• Question: What made you want to be a scientist? and why did you choose the Gene zone? and have you ever plan something, but then changed a topic?

    Asked by to Amelia, Jim, Liz, Prateek, Richard on 21 Jun 2011. This question was also asked by .
    • Photo: Jim Caryl

      Jim Caryl answered on 17 Jun 2011:

      My main inspiration to become a scientist was due to my Dad, as he is a biologist too. He worked as a marine biologist for years and then became a science teacher. He’s now retired, but is still very active setting up new ecological reserves for wildlife.

      Having gotten me interested in science, I went off on a very different course from my Dad, and moved into laboratory sciences. I tried to study as broadly as possible and got to study a degree that allowed me to select lots of different areas of biology, from studying parasites, to cancer, to plant genetics, agriculture and microbiology. Having studied lots of different things I decided that the area I liked most was microbiology, and bacteria in particular.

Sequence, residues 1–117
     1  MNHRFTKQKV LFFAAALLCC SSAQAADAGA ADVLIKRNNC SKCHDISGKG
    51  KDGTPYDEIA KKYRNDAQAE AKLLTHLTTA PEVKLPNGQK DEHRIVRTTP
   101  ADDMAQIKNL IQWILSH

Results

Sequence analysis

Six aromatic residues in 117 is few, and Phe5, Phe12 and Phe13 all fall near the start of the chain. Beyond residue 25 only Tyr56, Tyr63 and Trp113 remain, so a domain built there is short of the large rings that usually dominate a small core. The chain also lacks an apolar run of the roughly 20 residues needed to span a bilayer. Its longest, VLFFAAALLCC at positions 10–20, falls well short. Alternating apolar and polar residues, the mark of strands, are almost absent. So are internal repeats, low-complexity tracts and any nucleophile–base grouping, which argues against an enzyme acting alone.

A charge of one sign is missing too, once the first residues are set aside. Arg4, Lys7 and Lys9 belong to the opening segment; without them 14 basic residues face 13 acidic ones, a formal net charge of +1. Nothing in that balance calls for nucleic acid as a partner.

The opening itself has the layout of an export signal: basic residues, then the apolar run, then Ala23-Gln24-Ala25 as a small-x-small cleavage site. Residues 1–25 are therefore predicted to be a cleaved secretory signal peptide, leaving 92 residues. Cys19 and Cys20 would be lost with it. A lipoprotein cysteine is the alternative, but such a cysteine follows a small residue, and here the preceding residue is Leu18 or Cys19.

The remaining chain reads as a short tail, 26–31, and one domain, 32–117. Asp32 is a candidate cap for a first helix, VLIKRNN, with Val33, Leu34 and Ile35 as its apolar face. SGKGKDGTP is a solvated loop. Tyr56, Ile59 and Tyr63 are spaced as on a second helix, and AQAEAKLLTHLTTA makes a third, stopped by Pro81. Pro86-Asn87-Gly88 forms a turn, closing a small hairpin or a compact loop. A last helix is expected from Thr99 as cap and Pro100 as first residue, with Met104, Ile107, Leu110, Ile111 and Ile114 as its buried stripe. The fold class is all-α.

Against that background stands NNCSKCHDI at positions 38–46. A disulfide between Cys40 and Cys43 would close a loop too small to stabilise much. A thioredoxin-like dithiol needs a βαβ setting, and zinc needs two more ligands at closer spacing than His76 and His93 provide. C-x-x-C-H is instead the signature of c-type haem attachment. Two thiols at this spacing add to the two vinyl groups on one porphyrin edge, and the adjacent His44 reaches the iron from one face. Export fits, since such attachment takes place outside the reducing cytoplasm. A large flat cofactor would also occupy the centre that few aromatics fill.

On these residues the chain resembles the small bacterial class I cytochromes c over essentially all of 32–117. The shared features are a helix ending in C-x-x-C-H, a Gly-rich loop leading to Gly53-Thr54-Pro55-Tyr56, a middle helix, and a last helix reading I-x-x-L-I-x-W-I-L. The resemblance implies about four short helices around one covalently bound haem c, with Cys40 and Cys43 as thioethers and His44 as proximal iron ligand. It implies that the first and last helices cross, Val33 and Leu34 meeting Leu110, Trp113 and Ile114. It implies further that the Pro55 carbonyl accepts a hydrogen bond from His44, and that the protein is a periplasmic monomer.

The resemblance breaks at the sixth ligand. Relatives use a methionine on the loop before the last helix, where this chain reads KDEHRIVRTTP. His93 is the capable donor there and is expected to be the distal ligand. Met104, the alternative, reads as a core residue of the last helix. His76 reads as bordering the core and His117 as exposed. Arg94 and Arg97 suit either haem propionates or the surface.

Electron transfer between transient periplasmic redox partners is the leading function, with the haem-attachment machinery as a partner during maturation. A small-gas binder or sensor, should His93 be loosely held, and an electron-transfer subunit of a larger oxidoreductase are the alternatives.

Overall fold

In my day to day work I work on several different projects, and sometimes when one of the projects doesn’t look like it will give me many results for the effort it will take, I will drop it, and continue working with one of the other projects. I currently look at projects involved in understanding the roles of certain genes in bacteria, but I also work with the bacteria as a whole, to see how the way I change its DNA has an effect on the way the bacteria behaves.

      I didn’t choose the Genes Zone, although its appropriate for what I do – I put different genes in bacteria and then compete the bacteria against each other to see which grows quickest, so it’s like competing the genes. However, I would have been equally happy in the Microbiology Zone, as I am very much a microbiologist too 😉

    • Photo: Amelia Markey

      Amelia Markey answered on 21 Jun 2011:

      I’ve always really enjoyed science, especially biology, so I wanted to go on learning more. This is why i studies it at university and now I’m doing my PhD. I think I will still carry on in science after I finish as there is always more to learn!

      I didn’t choose gene zone but it was probably the best zone for me because the work i do involves DNA.

      My degree was in biology but now my PhD is analytical science so although I still do a lot of biology I also do a lot of chemistry, physics, maths and engineering. So although I intended to study biology I have ended up being interested in lots of other areas.